Smoking dominates other factors, including wealth, in shortening lifespans, reports a study by researchers from Georgetown University and the University of California, Riverside.
“Our results suggest that while wealth has a causal effect on mortality, it cannot compete with the impact of smoking. If you want to live longer, you better avoid cancer sticks,” said corresponding author Dana Glei, senior researcher at Georgetown University’s Center for Population and Health.
The new study finds that the percentage of Americans surviving ages 65 to 85 was 19 percentage points higher for someone with at least $300,000 in wealth than for those with no assets. But there was a difference of 37 percentage points between those who never smoked and current smokers. Due to the way the data was collected, wealth was measured in 1995 dollars. $300,000 equals $558,000 today.
Wealth-related mortality disparity was larger than disparities by childhood education, occupation, income, or socioeconomic status. But smoking made the biggest difference of all the factors.
“Our finding confirmed that smoking shortens our lives and that abstaining from smoking may be cheaper and more effective for living longer,” said Chioun Lee, assistant professor of sociology at UC Riverside.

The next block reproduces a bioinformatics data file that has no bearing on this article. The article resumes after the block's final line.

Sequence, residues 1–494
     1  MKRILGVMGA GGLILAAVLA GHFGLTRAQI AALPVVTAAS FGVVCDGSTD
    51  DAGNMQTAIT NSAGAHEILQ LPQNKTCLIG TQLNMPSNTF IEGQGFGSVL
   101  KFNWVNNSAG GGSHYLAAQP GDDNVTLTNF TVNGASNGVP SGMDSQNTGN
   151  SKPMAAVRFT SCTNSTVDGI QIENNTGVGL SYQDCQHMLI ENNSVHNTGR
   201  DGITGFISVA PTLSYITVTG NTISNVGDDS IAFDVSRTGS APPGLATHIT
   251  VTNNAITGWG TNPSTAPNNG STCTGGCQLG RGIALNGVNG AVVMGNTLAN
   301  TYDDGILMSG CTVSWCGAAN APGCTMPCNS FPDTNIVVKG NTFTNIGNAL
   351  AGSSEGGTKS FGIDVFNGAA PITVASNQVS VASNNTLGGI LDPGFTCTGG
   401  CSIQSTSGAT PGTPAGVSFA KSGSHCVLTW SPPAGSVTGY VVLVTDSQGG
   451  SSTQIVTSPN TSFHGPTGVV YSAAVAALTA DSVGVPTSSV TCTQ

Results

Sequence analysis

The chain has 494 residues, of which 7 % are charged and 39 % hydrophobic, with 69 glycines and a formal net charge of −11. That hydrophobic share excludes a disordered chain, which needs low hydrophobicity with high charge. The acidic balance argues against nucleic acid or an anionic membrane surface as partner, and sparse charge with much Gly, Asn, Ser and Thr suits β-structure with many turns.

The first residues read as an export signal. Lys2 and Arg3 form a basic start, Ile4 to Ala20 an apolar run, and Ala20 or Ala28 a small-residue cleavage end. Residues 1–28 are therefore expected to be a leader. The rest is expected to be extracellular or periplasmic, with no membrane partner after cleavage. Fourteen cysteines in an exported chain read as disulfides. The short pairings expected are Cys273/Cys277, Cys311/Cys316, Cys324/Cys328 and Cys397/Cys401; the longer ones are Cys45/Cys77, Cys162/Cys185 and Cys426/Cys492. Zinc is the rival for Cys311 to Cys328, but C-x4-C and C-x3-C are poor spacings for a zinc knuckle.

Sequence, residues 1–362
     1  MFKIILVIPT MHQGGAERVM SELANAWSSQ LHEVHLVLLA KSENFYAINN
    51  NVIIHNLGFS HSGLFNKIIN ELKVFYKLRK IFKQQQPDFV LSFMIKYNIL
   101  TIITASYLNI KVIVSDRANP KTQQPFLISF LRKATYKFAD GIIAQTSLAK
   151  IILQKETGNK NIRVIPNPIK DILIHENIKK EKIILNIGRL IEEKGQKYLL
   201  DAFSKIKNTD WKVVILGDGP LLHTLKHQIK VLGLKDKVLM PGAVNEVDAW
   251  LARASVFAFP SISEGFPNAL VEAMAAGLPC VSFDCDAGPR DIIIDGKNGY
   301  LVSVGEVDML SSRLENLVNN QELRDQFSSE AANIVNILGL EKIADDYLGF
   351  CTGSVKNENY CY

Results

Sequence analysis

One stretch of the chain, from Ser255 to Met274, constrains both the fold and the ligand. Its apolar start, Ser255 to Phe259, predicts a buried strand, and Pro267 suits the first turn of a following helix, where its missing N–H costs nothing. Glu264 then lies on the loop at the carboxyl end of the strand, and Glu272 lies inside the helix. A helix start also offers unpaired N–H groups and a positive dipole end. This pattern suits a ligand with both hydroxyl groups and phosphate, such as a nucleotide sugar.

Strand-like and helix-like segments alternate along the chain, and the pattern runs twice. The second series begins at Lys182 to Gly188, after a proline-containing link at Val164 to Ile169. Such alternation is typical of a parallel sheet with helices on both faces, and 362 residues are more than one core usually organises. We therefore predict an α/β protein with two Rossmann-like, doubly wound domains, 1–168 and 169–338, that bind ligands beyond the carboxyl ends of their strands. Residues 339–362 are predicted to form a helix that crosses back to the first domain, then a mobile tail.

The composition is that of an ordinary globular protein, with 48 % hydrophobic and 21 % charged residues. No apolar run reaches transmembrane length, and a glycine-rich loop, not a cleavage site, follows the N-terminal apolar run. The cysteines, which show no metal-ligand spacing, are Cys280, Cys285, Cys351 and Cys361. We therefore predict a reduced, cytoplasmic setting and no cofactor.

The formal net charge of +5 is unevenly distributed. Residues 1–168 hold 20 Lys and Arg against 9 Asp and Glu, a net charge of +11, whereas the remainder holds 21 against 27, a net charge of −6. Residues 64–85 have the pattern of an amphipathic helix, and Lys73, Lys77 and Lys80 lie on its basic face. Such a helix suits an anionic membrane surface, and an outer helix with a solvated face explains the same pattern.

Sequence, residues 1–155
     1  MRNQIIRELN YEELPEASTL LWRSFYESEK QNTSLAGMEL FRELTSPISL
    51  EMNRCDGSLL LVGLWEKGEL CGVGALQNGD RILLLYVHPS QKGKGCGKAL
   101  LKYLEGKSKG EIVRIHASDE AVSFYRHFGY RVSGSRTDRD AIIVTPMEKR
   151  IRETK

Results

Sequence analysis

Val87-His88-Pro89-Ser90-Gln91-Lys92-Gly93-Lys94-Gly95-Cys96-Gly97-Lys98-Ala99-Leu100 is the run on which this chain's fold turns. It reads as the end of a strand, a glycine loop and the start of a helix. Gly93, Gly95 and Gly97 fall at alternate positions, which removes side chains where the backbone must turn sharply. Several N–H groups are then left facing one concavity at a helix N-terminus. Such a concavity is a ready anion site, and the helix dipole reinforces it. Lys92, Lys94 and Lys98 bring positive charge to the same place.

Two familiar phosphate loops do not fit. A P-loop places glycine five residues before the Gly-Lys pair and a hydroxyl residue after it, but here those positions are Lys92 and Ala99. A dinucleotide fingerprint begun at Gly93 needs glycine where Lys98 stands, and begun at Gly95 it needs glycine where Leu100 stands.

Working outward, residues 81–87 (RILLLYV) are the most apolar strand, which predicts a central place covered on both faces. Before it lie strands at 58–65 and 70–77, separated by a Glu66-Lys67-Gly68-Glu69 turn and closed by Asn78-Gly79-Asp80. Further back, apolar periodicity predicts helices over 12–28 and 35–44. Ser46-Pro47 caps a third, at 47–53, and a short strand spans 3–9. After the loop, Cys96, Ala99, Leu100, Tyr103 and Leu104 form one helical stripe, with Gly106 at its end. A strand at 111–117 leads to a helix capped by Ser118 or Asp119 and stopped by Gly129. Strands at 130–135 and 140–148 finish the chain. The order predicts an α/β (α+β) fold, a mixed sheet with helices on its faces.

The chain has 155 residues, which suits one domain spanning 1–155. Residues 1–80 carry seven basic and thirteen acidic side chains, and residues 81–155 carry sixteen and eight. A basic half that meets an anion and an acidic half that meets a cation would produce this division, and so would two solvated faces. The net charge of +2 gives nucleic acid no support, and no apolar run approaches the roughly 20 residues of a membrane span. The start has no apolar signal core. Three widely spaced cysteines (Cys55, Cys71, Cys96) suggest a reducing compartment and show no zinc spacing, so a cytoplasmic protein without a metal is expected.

Glei, along with Lee and Maxine Weinstein, a professor at Georgetown University, used data from 6,320 participants in the Midlife in the United States Study, or MIDUS, funded by the National Institute on Aging to examine the effects of childhood socioeconomic status, education, occupation, income, wealth, and smoking history on mortality in adults aged 20 to 92 years.
In fully adjusted models — which also controlled for age, sex, race, marital status, health insurance coverage, employment status, and numerous health-related measures — the researchers found that wealth exceeded all other measures of socioeconomic status associated with the living past. 65 years. Mortality declined at higher levels of wealth, but wealth above $500,000 (in 1995 dollars) produced no further mortality benefit. This amount is now equivalent to more than $925,000.
“We already know that having a good education, a well-paying job and extra savings are essential factors that help us live longer and stay healthier. Among education, occupation, income and wealth , we found that wealth seems to be most important to However, beyond a certain amount, additional wealth may not yield additional years of life,” Lee said.
For smokers, however, the picture was much bleaker. Over the age of 65, the death rate for current smokers was three times higher than for non-smokers. Former smokers had significantly lower mortality than current smokers, but slightly higher mortality than non-smokers.
“Healthcare professionals cannot alter the wealth of their patients, but they must continue to discourage smoking. Wealth may be associated with longevity, but don’t smoke,” Glei said.
The open access article, “Assessing Wealth Disparities in Mortality Compared to Other Measures of Socioeconomic Status Among Us Adults,” is published in Open Jama Network.